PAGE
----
Measuring animal welfare and applying scientific advances - Why is it still so difficult? UFAW International Symposium
June 27 , 9:00 AM | June 29, 2017, 3:30 PM
Royal Holloway, University of London
The Old School
Egham, TW20 0EX, United Kingdom
Dr Stephen Wickens
P: +44 (0)1582 831818
Animal welfare science is a relatively young field but it is developing rapidly. A recent review noted that over the last two decades the number of scientific publications in this area has increased by 10-15% annually. This research has been used to make many real improvements to the welfare of animals throughout the world.
There seems to be a growing consensus that what matters to those animals that are presumed to experience feelings, and therefore what should matter most to those concerned about animal welfare, is how those animals feel. However, this raises difficult questions, some of which are fundamental to the development of animal welfare science as a rigorous scientific discipline and the assessment of animal welfare. For example:
• Will we ever be able to demonstrate sentience? Knowing where to draw the line about which animals to care for is important to, avoid wasting scarce resources on animals that are not sentient, and to ensure that animals that are sentient are protected. Are there new techniques that could help or is the problem insoluble? Where should the line be drawn?
• Are the techniques that we have to study emotional state (affect) adequate or are there new and better ways of assessing how animals feel about themselves and their environment? How should we best choose and interpret measures? Do technological advances offer us alternative approaches? Is it worth trying to put a numerical value on animal welfare or are qualitative measures more appropriate?
• How does time fit into the equation? Over what period of time should welfare be considered – what is meaningful and relevant to the animal? Do animals experience time as we do? How should we weigh up the challenges and good experiences to come so as to arrive at a view about the animals lifetime experience, and is this worth doing?
• How important is positive welfare? Should preventing suffering be our first priority or should we now be looking to maximise enjoyable experiences for animals in our care too? Is a permanent state of positive welfare possible, or do animals reset their emotional state so that attempts to achieve positive welfare are doomed to failure as the animal habituates to a better than adequate environment? What happens when those experiences preferred by an animal have a long-term negative impact on health?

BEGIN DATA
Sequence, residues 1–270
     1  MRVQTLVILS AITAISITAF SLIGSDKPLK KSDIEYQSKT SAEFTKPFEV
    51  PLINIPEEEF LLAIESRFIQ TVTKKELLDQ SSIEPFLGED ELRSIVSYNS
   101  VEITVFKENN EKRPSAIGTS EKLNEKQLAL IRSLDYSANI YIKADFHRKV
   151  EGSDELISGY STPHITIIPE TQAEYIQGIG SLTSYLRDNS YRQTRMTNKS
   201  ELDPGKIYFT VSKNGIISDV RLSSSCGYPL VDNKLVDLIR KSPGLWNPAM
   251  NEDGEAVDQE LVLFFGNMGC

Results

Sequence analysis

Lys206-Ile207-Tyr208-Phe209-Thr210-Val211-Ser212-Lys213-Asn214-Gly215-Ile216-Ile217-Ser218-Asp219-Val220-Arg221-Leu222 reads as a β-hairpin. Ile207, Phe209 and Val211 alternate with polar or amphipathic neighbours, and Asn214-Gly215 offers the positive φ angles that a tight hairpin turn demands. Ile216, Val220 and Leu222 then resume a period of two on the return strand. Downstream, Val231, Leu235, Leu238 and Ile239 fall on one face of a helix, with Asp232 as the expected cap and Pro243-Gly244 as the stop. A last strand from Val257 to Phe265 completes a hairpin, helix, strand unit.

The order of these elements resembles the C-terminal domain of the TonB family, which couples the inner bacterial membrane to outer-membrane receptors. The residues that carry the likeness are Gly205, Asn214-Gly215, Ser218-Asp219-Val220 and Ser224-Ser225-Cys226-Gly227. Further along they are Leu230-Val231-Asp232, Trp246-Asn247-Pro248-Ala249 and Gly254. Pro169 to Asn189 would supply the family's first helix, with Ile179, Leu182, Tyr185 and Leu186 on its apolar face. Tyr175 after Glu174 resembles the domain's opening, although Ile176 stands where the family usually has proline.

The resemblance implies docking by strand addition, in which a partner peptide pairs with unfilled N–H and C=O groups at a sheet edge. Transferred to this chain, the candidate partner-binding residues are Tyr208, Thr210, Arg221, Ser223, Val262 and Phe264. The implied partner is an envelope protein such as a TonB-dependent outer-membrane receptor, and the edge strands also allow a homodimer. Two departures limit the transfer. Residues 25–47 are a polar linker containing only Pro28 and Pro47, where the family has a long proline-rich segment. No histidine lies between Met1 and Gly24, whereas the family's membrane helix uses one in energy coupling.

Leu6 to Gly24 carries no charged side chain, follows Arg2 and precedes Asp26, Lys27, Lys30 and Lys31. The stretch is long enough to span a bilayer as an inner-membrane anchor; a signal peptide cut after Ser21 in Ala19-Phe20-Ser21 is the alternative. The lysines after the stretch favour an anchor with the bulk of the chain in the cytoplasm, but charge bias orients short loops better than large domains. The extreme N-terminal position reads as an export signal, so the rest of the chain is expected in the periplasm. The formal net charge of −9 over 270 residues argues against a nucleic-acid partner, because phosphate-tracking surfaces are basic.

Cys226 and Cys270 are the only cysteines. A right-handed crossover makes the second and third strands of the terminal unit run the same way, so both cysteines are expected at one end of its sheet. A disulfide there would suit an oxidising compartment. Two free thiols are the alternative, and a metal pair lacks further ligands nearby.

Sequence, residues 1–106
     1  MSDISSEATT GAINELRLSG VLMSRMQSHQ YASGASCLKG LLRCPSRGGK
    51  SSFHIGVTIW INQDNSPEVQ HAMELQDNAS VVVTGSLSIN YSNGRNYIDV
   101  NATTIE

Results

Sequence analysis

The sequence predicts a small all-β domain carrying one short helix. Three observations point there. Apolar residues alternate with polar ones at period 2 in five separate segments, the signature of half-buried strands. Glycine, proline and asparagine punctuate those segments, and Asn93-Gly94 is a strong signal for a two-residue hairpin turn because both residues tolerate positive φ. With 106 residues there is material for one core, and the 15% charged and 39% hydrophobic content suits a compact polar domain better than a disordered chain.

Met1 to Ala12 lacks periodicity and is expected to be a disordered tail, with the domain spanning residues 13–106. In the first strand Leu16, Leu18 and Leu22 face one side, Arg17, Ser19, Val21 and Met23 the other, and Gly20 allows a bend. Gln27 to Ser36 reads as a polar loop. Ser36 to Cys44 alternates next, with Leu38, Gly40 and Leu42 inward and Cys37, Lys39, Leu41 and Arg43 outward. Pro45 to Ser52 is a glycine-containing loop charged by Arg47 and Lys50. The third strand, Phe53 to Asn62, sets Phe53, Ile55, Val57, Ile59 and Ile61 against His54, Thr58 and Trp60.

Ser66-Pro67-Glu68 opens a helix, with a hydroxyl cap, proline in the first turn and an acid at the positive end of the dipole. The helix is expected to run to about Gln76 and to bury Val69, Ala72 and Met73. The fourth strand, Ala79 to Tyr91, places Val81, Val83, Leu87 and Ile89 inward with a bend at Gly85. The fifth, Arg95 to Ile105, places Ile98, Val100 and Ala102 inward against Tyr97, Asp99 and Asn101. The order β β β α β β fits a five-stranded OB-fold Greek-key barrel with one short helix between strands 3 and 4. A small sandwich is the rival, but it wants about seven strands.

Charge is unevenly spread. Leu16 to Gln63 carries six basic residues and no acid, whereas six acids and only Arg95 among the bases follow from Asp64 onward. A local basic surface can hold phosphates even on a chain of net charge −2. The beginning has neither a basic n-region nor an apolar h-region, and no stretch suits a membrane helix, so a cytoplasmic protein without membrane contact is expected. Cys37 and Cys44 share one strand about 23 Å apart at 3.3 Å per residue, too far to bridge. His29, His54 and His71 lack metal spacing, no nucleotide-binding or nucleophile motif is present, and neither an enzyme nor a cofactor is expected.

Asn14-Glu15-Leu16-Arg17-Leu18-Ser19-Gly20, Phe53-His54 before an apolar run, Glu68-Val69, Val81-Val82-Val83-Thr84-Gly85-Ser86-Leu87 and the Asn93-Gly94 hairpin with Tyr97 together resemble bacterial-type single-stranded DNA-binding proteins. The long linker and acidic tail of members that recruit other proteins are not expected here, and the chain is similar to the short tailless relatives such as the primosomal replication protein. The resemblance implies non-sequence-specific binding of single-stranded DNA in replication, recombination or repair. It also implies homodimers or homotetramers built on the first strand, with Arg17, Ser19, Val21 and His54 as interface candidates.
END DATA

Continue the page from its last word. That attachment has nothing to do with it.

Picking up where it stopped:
• How robust is the data collected on animal welfare? Are there lessons to be learnt from other areas of research with respect to e.g. blinding, randomization, pre-registration of hypotheses, null results, meta-analysis, clinical trials?
With the aim of developing new ideas and of promoting higher quality and better-focused animal welfare science, this symposium will consider whether and how animal welfare scientists can make progress in these and other areas.
Speakers will include:
• Professor Georgia Mason (University of Guelph, Canada), ‘Using welfare indicators to make valid inference about animals' subjective states, with a focus on HPA responses and stereotypic behaviour’
• Professor Mike Mendl (University of Bristol, UK) ‘Animal affect: What is it, what do we know, and what can we know?’ and
• Professor Jaak Panksepp (Washington State University, USA) ‘The emotional feelings of other minds: From neuroaffective foundations to novel therapeutics (especially depressions)’
Call for papers
We would like to hear from anyone interested in making a contribution to the symposium on the subjects and themes detailed above or others relating to measuring animal welfare and to animal welfare and the sciences and other disciplines associated with it – eg applied ethology, veterinary, physiological and neuroscience.
The deadline for submission of abstracts is 30th November 2016.